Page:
Filters + Warp tool

typographic posters

Typographic Posters

From this website: https://www.typographicposters.com, we each picked interesting posters relating to typography from our own perspectives. I found all the posters on this website interesting, but I chose the ones that I personally thought would help me the most with my designs.

Thumbnail of my typographic posters

Typographic Portraits

Sans Serif

We moved on to making our own typographic posters. We took pictures of our selves and traced our faces with letters (font: helvetica) on Adobe Illustrator. I initially found this very hard when I couldn't find any letters to fit my face parts. I ended up having to use more symbols such as lines or brackets.

Serif

For my second typographic portrait I used a serif font called Lucida Bright. This portrait looks quite unique because I tried to use different letters to my first portrait. This portrait has a more bold impression from the thicker letters. It also reminds me of paintings using black ink with thick brushes.

Harry Potter font

My final typographic portrait uses a Harry Potter font which I downloaded from dafont.com. I like this last portrait the most out of the three. I really like the simplicity of this version, and the way I used blank spaces to fill the portrait. I took a new picture for this portrait, facing the left instead. Though I prefer this one the most, it also took me the last time to make. I took about two hours to make my Serif portrait, but for this, it only took me less than thirty minutes to make.

We did printmaking with our flipped stamp. I had four trials on this, first on the left and second, third, fourth to the right.

We spent a lesson using a stamp with our portraits carved in to make inked portraits. We first put some ink on a table, spread it out with a roller and put the ink on our stamp when the ink starts to become sticky. Then you place it, with the non-inlet side on an A3 paper, and put an A4 paper on top of the inked stamp. After that, use you hand to gently rub it, then use a spoon and another tool to copy the ink on paper. For my first stamped portrait, I put too much ink on the surface of the stamp. I should have spent more time on this one.

For my second portrait I used less ink than necessary. I spent more time rubbing the spoon on the surface of the paper, but as I used less ink than I should have, the ink started to dry while I was inking the paper. You could tell that I did not use enough ink from the gray color instead of black.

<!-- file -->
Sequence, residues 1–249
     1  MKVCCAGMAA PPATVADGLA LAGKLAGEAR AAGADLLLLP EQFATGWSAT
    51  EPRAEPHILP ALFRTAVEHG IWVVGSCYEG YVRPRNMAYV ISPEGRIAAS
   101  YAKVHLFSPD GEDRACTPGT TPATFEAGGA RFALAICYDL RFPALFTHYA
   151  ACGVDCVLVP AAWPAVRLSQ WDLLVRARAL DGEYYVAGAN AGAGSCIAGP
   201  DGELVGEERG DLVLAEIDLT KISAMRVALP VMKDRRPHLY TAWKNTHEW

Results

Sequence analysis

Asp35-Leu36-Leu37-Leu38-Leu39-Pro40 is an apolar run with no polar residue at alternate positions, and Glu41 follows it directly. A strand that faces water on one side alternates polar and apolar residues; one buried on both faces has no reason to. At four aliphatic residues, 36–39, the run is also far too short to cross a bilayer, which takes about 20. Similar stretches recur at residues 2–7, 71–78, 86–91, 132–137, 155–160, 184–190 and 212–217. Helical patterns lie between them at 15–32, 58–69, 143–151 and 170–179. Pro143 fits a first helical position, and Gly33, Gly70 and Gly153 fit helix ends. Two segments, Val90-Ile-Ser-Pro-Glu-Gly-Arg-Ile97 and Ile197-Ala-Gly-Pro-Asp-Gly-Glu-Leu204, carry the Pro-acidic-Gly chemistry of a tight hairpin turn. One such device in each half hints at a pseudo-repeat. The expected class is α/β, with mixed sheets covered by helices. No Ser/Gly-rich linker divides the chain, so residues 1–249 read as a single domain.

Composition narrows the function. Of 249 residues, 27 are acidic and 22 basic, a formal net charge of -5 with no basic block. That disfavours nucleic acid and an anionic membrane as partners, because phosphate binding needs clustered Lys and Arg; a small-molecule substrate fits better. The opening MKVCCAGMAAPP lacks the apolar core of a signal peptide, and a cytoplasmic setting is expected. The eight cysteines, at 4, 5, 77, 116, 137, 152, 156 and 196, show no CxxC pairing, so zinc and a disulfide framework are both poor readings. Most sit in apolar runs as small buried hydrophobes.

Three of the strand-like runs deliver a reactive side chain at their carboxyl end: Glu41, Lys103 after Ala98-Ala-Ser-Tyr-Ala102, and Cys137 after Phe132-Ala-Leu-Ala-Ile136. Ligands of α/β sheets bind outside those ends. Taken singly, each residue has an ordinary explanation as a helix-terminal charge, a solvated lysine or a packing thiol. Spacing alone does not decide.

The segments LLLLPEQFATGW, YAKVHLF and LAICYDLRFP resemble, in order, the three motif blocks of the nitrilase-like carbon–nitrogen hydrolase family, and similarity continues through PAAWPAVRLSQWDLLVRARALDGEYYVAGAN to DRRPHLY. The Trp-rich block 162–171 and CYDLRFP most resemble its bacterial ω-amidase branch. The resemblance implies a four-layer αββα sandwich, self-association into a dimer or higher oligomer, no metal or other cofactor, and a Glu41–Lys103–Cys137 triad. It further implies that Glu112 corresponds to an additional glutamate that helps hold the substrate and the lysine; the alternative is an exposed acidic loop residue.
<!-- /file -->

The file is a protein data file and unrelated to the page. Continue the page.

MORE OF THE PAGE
For my third portrait, I put a good amount of ink on the stamp. However, I spent too long pressing the stamp on the paper that the ink dried out almost completely. It became hard for me to take out the stamp from the paper because the ink was dry, and the paper ripped in the middle.

My last portrait was the best out of all. I would not say it is perfect as there still are few small dots in the inked part. I gradually became better with this printmaking after repeating the same process. I think my portrait matches well with this black ink as my letters have a lot of edges instead of curves and the black background makes a cool design that suits to this font.

Text Effect of my portrait

I did a few text effects of my Harry Potter font typographic portrait. By far, I liked this lightning effect the most. I spent quite long making this effect. I watched this tutorial to make this text effect https://www.youtube.com/watch?v=lrq8ii4Cc2U. I found it complicated at times because I had to work with more around fifty layers and I was unable to detect the layer where I wanted to edit. It also took time to add a lightning brush, then mask, and repeating the process for each lines.

Conclusion:

In this unit, I learned that we are involved with typography in our lives even when we are not deliberately associating ourselves with them. The designs of our fonts are very important as they all give different impressions. Here we learned how to distort our typography, to further improve our skills with Adobe, by making typography portraits and text effects.